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Whistleblowers’ Claim that VA Hospital Delayed Patient Care Leads to House Subpoena

NBC News reports that multiple whistleblowers claim administrators at a VA hospital in Phoenix ordered thousands of appointment requests from veterans be diverted to a “secret unofficial list” that was not to be reported. The theory was, if those veterans died, their names would disappear, and the hospital’s performance record would improve. Then the hospital would not be held accountable for possibly killing the patient with a delayed diagnosis.

One whistleblower explained to NBC that there was a huge demand on the hospital, and that they had limited resources. Rather than finding a solution to the supply and demand problem, the hospital covered up the problem. Veterans, both young and old, tried to get the medical care they were promised upon entering the military, but were turned away without treatment or diagnosis.

Failures to Diagnose Caused Veteran Deaths
Up to 40 patients died in the Phoenix hospital who may have been saved by earlier diagnoses if their appointment requests had not been put on the secret waiting-list. The daughter-in-law of one may who may have died due to the cover-up spoke with NBC. She told them her father-in-law went to the VA for urgent care but was refused treatment and was told to see his primary care VA doctor. Due to backlog, he waited months for an appointment, and died while he was waiting. One doctor summed up the problem with the delays quite well, saying “delayed care is denied care.” Delayed diagnosis is one of the most dangerous and even deadly types of medical malpractice that exists, because it prevents a patient from taking any steps to treat a medical problem in early stages. When dealing with serious conditions like cancer, delayed diagnosis can convert a relatively easy to treat condition into a death sentence.

House is Subpoenaing Records to Investigate Deaths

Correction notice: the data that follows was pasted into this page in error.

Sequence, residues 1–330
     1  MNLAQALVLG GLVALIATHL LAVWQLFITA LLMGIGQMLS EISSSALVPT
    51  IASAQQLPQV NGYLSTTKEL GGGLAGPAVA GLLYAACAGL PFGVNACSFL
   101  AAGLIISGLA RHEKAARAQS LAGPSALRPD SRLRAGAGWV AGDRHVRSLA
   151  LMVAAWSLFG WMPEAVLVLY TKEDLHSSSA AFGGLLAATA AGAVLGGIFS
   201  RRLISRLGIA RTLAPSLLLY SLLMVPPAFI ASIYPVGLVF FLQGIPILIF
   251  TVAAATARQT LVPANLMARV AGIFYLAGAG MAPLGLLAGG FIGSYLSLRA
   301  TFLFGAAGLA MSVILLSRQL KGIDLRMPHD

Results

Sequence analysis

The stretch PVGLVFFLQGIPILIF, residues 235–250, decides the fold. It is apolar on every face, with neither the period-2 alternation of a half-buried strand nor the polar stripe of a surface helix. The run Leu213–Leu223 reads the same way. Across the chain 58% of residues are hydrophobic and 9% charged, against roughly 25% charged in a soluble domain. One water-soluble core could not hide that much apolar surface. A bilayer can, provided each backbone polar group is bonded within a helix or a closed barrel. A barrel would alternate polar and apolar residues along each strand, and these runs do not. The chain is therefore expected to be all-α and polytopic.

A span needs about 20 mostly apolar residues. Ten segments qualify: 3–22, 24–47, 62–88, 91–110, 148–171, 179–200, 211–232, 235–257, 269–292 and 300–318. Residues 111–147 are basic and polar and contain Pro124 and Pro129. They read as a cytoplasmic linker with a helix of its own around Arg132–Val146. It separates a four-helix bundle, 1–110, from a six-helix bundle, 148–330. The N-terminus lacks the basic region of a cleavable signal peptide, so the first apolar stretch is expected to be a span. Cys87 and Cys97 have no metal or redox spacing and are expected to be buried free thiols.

ABC News and The Associate Press report that the House Veteran Affairs Committee has voted to subpoena records relating to the hospital’s waiting list. This move comes while some in Congress, along with allies at The American Legion, have called for the resignation of Veterans Affairs Secretary in light of the scandal. The committee has subpoenaed all emails and other records in which VA officials might have discussed destruction of the secret list, which the committee referred to as “an alternate or interim waitlist.”

Congress also recently asked the VA to explain why an interim list was created, when it was destroyed, and who destroyed it under what authority. The VA Secretary responded in a letter that VA employees used “transitory or interim notes . . . for reference purposes” as they were inputting data into a new electronic waitlist system. The VA claims regulations of the National Archives and Records Administration required that the documents be destroyed when they were no longer needed. This response was apparently not enough to satisfy the committee, as it has now subpoenaed all records related to the destruction and has given the VA until May 19, 2014 to produce the records. In the meantime, the Secretary has ordered a face-to-face audit of all VA clinics.

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